Twitter trolls: a gold medal for overreaction
The Tom Daley case should teach us that there are better ways to deal with online abuse than arresting idiotic teens.
The first week of the Olympics won’t be remembered for an avalanche of Team GB gold medals. Or for Michael Phelps owning the swimming pool. Or even for the widely predicted transport chaos in the capital. None of those things came to pass. It will, however, be remembered for the rows of empty seats and the phenomenon of Twitter trolling. In the past, the integrity of the Games has been threatened by political boycotts and drugs scandals. It’s a sign of our illiberal times that inappropriate tweeting is the big scourge of London 2012.
One of the iconic images of Danny Boyle’s spectacular opening ceremony was world-wide web founder Tim Berners-Lee tweeting: ‘This is for everyone.’ Stirring stuff. However, it is pretty clear that the ‘everyone’ in question doesn’t include Twitter trolls. The zero-tolerance approach to inappropriate tweeting was evident before the Olympic cauldron was lit. In June, two Australian swimmers were reprimanded for posting photos of themselves brandishing firearms on Facebook and Twitter. Nick D’Arcy and Kenrick Monk were banned from using social media and told they would be sent home immediately after their events. According to Swimming Australia, the gun pictures they posted constituted ‘inappropriate content’. I’m not sure what Olympic shooting competitors are supposed to make of this. Or members of the armed forces. But let’s not quibble. We don’t want kids asking Santa for shotguns on their Christmas wish-lists, do we?
Since the Games started, two competitors have been expelled by their national associations for un-PC tweets. First to go was Greek triple-jumper Voula Papachristou, who tweeted a tasteless joke about African immigrants. She was followed by Swiss footballer Michel Morganella after he posted a tweet saying he wanted to beat up Koreans and that they were a bande de trisos (bunch of mongs). Now, I’m not condoning these nasty tweets, but let’s not pretend that the Olympics is some kind of international inclusion festival. The vindictive doping allegations aimed at Chinese swimming sensation Ye Shiwen show that anti-foreigner sentiment has a mainstream incarnation. The widespread insinuations that the Chinese aren’t playing by the doping rules is, in many ways, just the acceptable face of trolling.
The crusade against abusive tweeting has now shifted its focus to the general public. Last week, the celebrity supporters of Paul Chambers were cheering his successful appeal against a conviction for posting a joke on Twitter about blowing up Robin Hood Airport in South Yorkshire. There was, however, a notable absence of celebrity sympathy for the 17-year-old in Weymouth who was arrested for trolling Tom Daley, the poster boy of British diving. After Daley had failed to win a medal in the synchronised diving, he received an abusive tweet from someone using the tag @Rileyy_69 which said: ‘You let your dad down I hope you know that’ - a rather tasteless reference to Daley’s father Rob, who died of cancer last year.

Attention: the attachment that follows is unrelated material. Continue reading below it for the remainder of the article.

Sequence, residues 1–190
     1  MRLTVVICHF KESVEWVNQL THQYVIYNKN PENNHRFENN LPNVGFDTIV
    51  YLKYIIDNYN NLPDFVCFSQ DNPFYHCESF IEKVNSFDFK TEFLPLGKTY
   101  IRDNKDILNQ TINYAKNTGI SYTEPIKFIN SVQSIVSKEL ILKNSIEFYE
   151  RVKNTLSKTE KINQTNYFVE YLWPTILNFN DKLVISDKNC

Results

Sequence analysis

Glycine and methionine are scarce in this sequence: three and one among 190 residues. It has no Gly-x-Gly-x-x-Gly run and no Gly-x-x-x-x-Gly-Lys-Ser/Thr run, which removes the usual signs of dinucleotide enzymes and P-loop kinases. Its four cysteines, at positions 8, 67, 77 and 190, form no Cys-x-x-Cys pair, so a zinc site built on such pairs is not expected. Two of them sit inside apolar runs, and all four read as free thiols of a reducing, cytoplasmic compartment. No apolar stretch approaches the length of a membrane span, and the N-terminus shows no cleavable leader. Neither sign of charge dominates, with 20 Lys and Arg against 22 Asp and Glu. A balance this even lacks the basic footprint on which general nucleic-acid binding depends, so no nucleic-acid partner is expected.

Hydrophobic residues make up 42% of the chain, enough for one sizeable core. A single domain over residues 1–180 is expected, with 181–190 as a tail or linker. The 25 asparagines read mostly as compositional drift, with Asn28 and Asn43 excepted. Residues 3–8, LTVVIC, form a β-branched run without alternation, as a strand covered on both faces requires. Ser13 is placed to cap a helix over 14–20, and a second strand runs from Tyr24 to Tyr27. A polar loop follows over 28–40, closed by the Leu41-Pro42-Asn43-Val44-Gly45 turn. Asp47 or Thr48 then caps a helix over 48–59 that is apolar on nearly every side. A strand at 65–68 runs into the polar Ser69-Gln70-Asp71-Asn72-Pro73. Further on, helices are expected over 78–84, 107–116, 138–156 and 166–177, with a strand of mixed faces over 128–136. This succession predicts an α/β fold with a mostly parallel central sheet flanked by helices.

article continues after advertisement
The concept of ‘trolling’ is essentially the rebranding of what, in my day, used to be known as ‘being rude’. @Rileyy_69’s tweets were certainly puerile and unpleasant. But do we really want to live in a society where being rude is an arrestable offence? Anyone who is familiar with those corners of Twitter inhabited by football fans will know that what we call ‘trolling’ is pretty much the lingua franca of the medium. It’s the online manifestation of terrace banter. I’m not suggesting that trading abuse is pleasant or edifying - it’s often coarse and vile. But arresting someone for name-calling is completely over the top. Just as it was ludicrous to take Paul Chambers’ joke as a serious terrorist threat, it’s equally absurd to take @Rileyy_69’s puerile threats seriously. When a teenager threatens to ‘drown’ an Olympic diver, such comments really should be treated with a pinch of salt, not a police investigation.
No doubt the police took action in this instance because of Tom Daley’s ‘national treasure’ status. As comedian Frankie Boyle quipped: ‘You can troll Tom Daley’s diving partner and nobody’ll give a fuck.’ However, the arrest of Daley’s abuser is not an isolated case of over-zealous coppers with nothing better to do than nick foul-mouthed teenagers. We are increasingly seeing abusive tweeters investigated by the police. The outpouring of sympathy for Bolton footballer Fabrice Muamba, who collapsed and almost died during a game earlier this year, swiftly turned into a witch-hunt against student Liam Stacey who was jailed for 56 days for drunkenly posting offensive tweets about the Bolton midfielder. Stacey’s conduct was clearly idiotic and crass, but acting like a dickhead should not be a criminal offence.
How should we deal with Twitter trolls? Well there are plenty of informal ways, none of which involve the police. You can develop an old-fashioned thick skin and just ignore the abuse. You can use the block button on Twitter. You can give as good as you get – something many of us learned to do in school playgrounds. Or else you can, as Daley himself did, retweet the message and invite the hater to be ‘counter-trolled’ by your followers. British weightlifter Zoe Smith was called a ‘lesbian’ and a ‘bloke’ by abusive tweeters and she also responded by retweeting and letting her followers retaliate. The drawback of retweeting is that it gives these losers a degree of notoriety they wouldn’t have enjoyed had they simply been ignored. However, it’s better that people find their own informal ways of dealing with name-calling on Twitter without inviting the long arm of the law to intervene. Like the world wide web, free speech is for everyone.
Duleep Allirajah is spiked’s sports columnist. Follow him on Twitter @DuleepOffside.
spiked issue: Sport